1917 is in a class of its own when it comes to cinematography. The one-take illusion ensures that you can't look away. The story is beautifully written with a great plot and characters. Even the supporting characters are extremely well written. Sam Mendes and Roger Deakins create a visually stunning war atmosphere with some incredible set designs. Chapman and MacKay's performances succeed in making you care for their characters. 1917 is without a doubt one of the greatest movies of the decade!

tgrafflin 5 January 2020

I sat in a packed yet silent theater this morning and watched, what I believe to be, the next Academy Award winner for the Best Picture. I'm not at all a fan of war movies but I am a fan of great movies....and 1917 is a great movie. I have never been so mesmerized by set design and direction, the mass human emotion of this film is astonishingly captured and embedded magically in the audience. It keeps running through my mind...the poetry and beauty intertwined with the raw misery of war. Treat yourself....see this movie!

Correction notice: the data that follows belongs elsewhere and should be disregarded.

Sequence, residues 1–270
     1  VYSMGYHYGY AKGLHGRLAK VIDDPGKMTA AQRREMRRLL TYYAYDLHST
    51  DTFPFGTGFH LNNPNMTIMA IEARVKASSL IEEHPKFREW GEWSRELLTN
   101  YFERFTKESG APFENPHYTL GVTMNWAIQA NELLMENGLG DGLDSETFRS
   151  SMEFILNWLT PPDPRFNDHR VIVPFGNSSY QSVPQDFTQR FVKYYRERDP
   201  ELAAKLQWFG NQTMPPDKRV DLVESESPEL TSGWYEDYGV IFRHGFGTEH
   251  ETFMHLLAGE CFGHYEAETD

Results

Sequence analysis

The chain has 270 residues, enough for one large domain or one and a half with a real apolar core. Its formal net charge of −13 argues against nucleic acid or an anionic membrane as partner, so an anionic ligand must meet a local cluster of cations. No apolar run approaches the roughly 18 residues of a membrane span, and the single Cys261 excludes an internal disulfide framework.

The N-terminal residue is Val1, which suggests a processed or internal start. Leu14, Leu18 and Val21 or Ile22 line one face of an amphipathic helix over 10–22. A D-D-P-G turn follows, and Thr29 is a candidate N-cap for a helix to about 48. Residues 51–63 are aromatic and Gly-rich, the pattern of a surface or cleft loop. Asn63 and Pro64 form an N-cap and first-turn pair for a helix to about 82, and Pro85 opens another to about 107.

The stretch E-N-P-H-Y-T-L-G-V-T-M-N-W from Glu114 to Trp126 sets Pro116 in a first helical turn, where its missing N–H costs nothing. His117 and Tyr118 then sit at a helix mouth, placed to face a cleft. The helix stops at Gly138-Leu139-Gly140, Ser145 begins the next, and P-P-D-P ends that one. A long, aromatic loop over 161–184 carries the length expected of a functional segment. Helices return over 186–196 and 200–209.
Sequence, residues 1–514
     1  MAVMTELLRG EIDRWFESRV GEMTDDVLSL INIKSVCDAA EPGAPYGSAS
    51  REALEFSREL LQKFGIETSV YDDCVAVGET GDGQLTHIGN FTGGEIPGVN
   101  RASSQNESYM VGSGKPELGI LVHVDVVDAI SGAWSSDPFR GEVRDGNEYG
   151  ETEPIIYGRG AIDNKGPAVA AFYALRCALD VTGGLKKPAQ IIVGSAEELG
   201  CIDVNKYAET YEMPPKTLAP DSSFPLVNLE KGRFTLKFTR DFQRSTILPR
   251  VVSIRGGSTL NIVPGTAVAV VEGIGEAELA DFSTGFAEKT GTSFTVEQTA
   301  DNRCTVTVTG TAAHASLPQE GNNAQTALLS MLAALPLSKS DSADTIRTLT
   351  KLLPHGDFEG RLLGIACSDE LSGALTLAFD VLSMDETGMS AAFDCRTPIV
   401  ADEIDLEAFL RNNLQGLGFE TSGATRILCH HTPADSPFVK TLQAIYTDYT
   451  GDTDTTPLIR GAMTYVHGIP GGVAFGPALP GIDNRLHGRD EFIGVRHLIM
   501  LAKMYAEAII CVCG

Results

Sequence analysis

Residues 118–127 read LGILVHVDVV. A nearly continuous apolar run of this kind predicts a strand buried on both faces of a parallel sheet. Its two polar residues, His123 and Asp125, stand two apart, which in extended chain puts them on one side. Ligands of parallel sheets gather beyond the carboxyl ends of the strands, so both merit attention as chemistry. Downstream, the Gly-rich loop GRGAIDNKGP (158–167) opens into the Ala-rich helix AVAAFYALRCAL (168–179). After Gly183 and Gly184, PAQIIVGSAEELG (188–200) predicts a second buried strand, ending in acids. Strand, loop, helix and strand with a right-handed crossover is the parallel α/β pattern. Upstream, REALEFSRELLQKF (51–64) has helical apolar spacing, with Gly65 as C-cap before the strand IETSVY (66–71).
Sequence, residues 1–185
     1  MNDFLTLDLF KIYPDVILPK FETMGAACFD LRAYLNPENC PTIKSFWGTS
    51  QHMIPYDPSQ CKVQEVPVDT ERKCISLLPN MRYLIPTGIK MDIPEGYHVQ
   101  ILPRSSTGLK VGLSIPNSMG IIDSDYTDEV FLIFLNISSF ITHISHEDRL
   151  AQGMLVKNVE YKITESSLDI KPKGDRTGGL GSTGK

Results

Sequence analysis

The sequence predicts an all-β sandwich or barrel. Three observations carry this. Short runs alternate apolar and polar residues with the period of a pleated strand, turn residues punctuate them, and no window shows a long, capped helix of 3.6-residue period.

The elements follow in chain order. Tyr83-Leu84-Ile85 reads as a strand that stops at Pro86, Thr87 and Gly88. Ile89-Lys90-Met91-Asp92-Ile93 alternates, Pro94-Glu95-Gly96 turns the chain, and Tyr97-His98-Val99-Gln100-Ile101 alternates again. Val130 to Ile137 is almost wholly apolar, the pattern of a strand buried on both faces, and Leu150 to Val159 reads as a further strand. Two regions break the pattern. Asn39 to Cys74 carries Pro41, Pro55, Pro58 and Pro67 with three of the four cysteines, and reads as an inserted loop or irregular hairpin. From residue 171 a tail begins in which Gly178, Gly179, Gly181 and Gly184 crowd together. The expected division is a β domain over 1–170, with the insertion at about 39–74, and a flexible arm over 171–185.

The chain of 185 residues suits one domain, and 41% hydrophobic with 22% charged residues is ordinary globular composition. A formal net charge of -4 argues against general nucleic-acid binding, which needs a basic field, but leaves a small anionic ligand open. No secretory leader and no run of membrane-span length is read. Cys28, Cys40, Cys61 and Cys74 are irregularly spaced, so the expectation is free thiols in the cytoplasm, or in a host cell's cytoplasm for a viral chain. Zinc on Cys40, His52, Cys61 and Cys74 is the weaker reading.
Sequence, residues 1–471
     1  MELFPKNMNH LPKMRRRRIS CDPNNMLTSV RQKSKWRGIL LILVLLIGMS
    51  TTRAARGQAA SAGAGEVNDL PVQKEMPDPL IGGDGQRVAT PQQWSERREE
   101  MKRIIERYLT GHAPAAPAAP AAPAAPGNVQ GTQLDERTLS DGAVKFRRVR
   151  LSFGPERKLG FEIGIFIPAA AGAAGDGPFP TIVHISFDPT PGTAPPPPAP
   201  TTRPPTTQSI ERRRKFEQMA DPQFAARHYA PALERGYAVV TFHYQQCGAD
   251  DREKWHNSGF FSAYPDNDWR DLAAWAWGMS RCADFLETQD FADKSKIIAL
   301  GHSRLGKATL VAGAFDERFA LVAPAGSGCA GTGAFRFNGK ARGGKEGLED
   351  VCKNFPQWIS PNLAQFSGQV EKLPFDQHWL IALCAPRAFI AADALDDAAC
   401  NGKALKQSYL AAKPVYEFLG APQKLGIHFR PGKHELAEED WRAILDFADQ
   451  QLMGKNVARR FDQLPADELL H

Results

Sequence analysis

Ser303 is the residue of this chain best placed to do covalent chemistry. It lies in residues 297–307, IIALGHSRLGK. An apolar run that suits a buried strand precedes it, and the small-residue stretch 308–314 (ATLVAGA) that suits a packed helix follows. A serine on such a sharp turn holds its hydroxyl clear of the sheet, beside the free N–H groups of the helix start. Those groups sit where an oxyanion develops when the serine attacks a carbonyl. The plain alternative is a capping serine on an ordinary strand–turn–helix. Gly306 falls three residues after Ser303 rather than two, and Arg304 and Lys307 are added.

gkdidaxi 4 January 2020

This film is overwhelming. I have nothing further to add, other than the compelling need for eternal remembrance to those who sacrificed their lives in any way, we can not fathom. We, citizens of any country, today, should feel ourselves lucky and blessed to exist. A Happy New Year to all. George from Hellas. NB: do not give it a second thought; watch it; even if this genre is not your cup of tea. After all, it is much more than a feature film. It's a massive dedication to unselfishness. Do yourself a favour and watch it. And then watch it once more.

allentyson-89230 10 January 2020

Don't listen to the critics saying this movie is boring. This movie is one of the most tense and exciting movies I've seen in years. Amazing cinematography and overall amazing experience of a movie.